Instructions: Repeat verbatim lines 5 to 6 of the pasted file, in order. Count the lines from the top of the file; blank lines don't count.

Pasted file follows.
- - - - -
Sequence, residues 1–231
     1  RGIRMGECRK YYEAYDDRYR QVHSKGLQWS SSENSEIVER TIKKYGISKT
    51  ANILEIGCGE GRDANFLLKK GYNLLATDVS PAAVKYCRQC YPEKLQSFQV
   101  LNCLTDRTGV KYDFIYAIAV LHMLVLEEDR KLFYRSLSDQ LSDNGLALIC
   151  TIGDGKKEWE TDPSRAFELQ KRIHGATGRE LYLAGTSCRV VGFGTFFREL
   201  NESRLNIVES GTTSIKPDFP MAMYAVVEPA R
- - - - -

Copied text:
   151  TIGDGKKEWE TDPSRAFELQ KRIHGATGRE LYLAGTSCRV VGFGTFFREL
   201  NESRLNIVES GTTSIKPDFP MAMYAVVEPA R